Here’s a fun project; a storage container for my wife turned on the lathe.
I don’t have good hollowing tools, so digging out chips from wood deeper than 2” forces me to use my chisels in an unsupported way. That results in unexpected catches, and isn’t much fun at all. However, using segmented methods, I can potentially turn vessels as deep as 17”! (the realistic span on my midi-lathe)
The key points to this method are:
-using multiple layers to achieve vertical height of workpiece,
-attach first layer to lathe, hollow as desired, then flatten the ‘upmost edge’
-attach next layer to lathe, flatten respective edge, and glue to previous layer, hollow as desired,
By laminating successive layers, and hollowing as height (or depth) is increased, there is no need for deep hollowing.
hopefully this example will illustrate more clearly…
My plan was to turn a storage vessel approximately 4” deep with a lid, so I would use two pieces of stock for the base, then one piece for the lid.
To create the base of my vessel, I started with 2 rounds of Makore or African Cherry, each 8/4 thick.
Beginning with the ‘top’ section of the base, I rounded the stock and flattened the portion which I expected to laminate to the rest of my base. I also hollowed a very small amount of wood…no more since there were wood screws holding this to a face plate on the back side!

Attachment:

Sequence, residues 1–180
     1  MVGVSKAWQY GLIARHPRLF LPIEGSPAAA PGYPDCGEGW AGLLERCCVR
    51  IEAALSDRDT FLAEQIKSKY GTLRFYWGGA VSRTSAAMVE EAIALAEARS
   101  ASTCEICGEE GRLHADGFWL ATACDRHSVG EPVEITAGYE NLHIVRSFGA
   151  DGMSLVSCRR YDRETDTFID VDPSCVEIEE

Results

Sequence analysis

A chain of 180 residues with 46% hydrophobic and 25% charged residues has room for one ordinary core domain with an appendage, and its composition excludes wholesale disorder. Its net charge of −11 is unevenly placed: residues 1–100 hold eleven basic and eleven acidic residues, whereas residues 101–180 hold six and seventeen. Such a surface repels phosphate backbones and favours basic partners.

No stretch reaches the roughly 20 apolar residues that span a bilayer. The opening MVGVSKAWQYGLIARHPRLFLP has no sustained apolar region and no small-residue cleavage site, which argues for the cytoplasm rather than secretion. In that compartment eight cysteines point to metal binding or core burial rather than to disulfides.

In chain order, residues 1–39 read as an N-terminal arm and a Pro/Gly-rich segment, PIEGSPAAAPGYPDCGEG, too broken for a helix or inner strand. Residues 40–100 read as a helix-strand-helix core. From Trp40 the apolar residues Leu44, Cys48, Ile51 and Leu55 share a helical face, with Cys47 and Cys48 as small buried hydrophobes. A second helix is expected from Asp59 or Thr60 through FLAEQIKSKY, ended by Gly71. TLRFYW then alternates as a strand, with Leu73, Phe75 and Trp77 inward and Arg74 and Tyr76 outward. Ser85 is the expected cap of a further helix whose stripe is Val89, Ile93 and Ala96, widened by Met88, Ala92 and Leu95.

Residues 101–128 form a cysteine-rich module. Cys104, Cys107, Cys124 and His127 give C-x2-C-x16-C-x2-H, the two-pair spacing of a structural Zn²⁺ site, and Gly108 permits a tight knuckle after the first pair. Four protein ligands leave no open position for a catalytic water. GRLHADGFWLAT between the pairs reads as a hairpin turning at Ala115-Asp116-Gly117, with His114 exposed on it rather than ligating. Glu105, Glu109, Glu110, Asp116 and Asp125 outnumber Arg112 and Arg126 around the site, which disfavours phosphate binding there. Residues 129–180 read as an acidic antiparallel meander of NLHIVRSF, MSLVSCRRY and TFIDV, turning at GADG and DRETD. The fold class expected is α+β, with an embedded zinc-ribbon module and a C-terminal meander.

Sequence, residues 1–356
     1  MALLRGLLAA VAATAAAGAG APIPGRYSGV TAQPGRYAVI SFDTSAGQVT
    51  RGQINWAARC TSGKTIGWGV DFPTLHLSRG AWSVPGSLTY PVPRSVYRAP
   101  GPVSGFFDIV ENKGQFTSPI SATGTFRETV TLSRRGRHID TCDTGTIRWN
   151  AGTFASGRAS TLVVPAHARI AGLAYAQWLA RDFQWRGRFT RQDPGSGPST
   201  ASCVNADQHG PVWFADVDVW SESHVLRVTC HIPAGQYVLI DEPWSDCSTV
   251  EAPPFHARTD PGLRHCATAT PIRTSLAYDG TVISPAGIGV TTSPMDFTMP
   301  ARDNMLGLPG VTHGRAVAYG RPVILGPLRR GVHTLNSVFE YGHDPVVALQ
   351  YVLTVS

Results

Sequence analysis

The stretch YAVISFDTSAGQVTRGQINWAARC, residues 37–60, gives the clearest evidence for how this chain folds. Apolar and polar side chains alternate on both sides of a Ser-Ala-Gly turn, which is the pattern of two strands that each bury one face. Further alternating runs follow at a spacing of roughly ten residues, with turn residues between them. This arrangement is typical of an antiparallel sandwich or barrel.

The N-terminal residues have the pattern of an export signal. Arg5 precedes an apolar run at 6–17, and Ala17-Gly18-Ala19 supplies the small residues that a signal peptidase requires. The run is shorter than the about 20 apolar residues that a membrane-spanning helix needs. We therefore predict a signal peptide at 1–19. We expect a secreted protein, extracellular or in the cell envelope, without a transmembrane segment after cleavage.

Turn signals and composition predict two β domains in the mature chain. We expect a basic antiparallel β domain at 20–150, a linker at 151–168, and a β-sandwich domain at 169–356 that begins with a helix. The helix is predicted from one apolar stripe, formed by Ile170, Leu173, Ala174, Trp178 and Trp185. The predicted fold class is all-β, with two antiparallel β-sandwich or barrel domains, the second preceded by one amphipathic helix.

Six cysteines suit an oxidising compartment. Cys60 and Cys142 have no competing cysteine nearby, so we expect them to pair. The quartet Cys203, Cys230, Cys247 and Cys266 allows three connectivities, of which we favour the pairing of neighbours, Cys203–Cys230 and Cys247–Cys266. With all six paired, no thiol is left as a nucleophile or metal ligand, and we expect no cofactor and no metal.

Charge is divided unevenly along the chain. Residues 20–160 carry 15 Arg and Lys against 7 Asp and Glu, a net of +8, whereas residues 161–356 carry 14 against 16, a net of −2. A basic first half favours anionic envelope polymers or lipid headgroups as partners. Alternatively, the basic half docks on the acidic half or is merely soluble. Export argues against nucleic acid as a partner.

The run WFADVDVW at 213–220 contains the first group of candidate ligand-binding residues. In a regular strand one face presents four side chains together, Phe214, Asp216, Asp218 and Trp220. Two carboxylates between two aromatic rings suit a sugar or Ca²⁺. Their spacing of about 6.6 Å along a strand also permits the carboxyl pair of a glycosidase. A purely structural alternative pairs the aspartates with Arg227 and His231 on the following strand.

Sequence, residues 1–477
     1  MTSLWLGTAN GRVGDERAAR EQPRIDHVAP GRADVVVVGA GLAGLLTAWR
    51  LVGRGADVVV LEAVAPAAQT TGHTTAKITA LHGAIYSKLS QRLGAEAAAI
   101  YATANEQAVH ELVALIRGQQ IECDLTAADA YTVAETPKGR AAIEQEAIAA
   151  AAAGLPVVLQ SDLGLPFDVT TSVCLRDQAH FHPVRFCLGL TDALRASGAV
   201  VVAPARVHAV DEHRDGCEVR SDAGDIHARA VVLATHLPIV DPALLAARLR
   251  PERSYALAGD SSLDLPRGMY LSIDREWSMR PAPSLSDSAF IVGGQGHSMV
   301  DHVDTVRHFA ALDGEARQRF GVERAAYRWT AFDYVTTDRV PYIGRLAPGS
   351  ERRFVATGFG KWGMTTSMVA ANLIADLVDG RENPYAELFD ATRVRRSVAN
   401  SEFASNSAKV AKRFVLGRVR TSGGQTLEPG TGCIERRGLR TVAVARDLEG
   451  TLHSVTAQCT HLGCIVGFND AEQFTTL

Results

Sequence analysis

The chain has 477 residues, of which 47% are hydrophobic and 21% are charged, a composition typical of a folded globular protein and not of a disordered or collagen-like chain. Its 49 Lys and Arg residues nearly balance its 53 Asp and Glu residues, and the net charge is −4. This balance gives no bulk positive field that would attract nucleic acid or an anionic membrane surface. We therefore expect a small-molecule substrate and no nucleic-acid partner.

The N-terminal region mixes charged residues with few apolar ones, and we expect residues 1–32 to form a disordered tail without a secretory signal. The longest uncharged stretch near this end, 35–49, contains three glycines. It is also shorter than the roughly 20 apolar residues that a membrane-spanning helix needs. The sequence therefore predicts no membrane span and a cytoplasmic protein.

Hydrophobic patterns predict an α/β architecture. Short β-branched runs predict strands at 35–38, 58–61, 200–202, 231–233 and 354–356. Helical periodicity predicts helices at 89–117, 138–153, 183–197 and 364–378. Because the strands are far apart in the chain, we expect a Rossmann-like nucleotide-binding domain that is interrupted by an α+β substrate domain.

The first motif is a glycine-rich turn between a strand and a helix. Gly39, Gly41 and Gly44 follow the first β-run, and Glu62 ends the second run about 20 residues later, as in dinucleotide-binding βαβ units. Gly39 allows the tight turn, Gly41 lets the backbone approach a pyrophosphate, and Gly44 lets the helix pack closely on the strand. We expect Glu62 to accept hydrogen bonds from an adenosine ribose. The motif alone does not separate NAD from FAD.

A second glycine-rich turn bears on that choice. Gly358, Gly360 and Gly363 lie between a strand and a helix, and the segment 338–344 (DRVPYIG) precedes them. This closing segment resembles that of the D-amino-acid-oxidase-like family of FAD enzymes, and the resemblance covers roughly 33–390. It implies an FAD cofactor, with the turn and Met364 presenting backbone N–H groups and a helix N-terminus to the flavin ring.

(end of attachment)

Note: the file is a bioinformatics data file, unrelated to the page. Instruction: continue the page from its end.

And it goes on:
Next, the 2nd part of the base was turned round, and I placed a negative tenon on the final bottom of the vessel. This relived tenon is how I’ll hold the piece for further shaping.
Now, I hollowed the bottom of the base all the way to final shape…don’t want to do this later when the workpiece is deeper!
Above, you can see the two sections of the base ready for joining. A flat sanding jig is used to prep both surfaces.
And, glue and clamps…
Now we have a 4” thick piece of Makore. But, remember, we only have to hollow 2”...actually a bit less…
Now, for the lid. Another 8” round of thick African Cherry. turned round, and a positive tenon left on the ‘top’
Using that tenon, I could now shape the inside of the lid as such,
Note the negative tenon left on the inside of the lid!
That’s how we’ll finish the lid’s shape later…
Next, the outside of the lid is turned…close to the jaws…but not touching, please!
I left a bit extra around the jaws since I wasn’t sure of the exact final shape I wanted.
Here’s a shot of the lid being held in the reverse tenon in its underside, confused yet?
And the large knob I decided to leave on the top of the lid,
Whew! Thanks for staying with me through all that! just goes to show, the lathe may offer instant gratification, but sometimes you need a well thought out plan. being able to see where tenons can be left on the finished piece is also a help.
A few photos of the finished ‘box’.
The curly nature of the Makore is superb, but not really suited for this project. I had hoped it would blend a little better, but this was my first try with a vessel from 3 flat boards. I think it came out grand, but a more subtle grain will be preferred next time.
BTW, my wife loves it! She’ll use it to keep small sewing projects organized, like the wallet she’s sewing from our home made pig leather.
Questions and comments are always welcomed.
-- tr ...see one, do one, teach one...